- “I don’t know how to cook a lot of these fruits and vegetables.”
While preparing many veggies is as simple as sautéing or roasting them with a little olive oil, lemon and garlic, you don’t necessarily have to cook them. One simple way to add more color is tossing a bunch in a smoothie: Try combining half a banana, 3/4 cup of fresh or frozen berries, half a zucchini and a big handful of spinach in a blender with a scoop of protein powder, a cup of water, and a drizzle of flaxseed oil or some ground flaxseed. That’s more than three servings of fruits and veggies before you’ve even left the house.
- “My kids balk at veggies, and I don’t want to cook two separate meals.”
Research shows that it may take as many as 10 to 12 times before kids accept a new food, so be persistent by presenting them with a wide variety of healthy choices. Explaining the basics of food quality and nutrition — and modeling discerning food choices yourself — is also a great strategy for getting your kids (and any other produce-averse family members) on board. When in doubt, cut up veggies and fruits into bite-size pieces and put them out with a little yogurt-based dip. More often than not, someone will eat it up.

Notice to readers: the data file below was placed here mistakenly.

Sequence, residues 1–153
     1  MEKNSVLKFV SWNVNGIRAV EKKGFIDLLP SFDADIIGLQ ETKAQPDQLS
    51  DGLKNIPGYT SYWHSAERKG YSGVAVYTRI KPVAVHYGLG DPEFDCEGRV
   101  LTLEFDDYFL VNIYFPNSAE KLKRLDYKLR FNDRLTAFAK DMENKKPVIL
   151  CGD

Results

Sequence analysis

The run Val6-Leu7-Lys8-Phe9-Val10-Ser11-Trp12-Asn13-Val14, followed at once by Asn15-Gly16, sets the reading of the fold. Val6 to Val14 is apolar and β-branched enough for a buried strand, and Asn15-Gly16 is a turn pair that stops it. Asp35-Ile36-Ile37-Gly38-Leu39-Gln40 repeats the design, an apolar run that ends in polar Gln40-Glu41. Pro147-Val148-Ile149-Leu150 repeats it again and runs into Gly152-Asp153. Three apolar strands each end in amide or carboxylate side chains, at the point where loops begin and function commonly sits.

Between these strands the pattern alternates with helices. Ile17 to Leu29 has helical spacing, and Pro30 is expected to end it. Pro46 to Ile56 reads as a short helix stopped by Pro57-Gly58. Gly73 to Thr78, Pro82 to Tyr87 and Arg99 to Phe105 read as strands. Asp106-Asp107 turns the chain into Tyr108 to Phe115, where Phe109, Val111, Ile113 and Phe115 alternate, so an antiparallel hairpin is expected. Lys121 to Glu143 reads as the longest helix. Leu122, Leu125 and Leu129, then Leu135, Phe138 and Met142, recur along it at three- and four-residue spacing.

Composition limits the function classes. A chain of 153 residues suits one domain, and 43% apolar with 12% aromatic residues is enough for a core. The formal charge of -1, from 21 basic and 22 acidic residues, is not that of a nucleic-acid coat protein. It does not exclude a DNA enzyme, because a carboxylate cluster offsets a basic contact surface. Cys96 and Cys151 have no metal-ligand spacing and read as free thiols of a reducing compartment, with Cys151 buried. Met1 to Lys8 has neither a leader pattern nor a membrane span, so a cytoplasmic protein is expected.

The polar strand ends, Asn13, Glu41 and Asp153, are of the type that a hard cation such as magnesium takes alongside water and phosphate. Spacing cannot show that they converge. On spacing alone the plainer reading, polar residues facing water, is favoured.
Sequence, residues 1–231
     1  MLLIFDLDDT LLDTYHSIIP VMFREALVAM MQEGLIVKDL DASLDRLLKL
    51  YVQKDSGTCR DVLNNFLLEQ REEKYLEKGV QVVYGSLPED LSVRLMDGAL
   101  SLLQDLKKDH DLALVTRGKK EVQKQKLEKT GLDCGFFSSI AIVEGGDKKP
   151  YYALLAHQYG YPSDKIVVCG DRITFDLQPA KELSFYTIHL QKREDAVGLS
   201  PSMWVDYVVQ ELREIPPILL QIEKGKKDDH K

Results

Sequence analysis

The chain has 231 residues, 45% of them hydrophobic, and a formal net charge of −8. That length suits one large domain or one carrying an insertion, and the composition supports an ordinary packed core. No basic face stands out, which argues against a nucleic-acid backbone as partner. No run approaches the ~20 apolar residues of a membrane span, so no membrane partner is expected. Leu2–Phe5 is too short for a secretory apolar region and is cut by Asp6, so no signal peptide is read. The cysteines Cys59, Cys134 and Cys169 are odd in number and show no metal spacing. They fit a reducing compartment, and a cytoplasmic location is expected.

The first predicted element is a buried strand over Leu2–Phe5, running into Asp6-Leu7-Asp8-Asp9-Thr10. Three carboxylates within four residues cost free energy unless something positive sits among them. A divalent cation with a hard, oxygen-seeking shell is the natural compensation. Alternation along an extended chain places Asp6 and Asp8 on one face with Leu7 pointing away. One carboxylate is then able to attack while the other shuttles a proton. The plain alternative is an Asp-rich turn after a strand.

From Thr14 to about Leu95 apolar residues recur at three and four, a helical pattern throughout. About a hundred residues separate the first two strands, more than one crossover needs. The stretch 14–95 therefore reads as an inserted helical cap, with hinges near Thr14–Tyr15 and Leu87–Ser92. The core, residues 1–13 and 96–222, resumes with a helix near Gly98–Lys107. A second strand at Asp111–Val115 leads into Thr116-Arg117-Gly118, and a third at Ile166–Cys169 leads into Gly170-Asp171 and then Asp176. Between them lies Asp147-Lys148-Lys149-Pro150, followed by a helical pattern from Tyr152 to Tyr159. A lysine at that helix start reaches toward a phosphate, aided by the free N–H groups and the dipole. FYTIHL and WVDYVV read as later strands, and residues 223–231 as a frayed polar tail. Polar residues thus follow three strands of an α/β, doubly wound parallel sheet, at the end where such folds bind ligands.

- I am willing to expand my produce selections in the name of greater health and vitality.
- I am willing to retrain my taste buds by mindfully enjoying more fresh, unprocessed foods in my diet.
- I am willing to replace junk food with healthier, energy-boosting options that nourish and protect my body.
- I am willing to experiment with cooking/preparing fruits and vegetables that I have avoided or overlooked in the past.
- I am willing to educate myself about the nutritional benefits of fresh, brightly colored plant foods.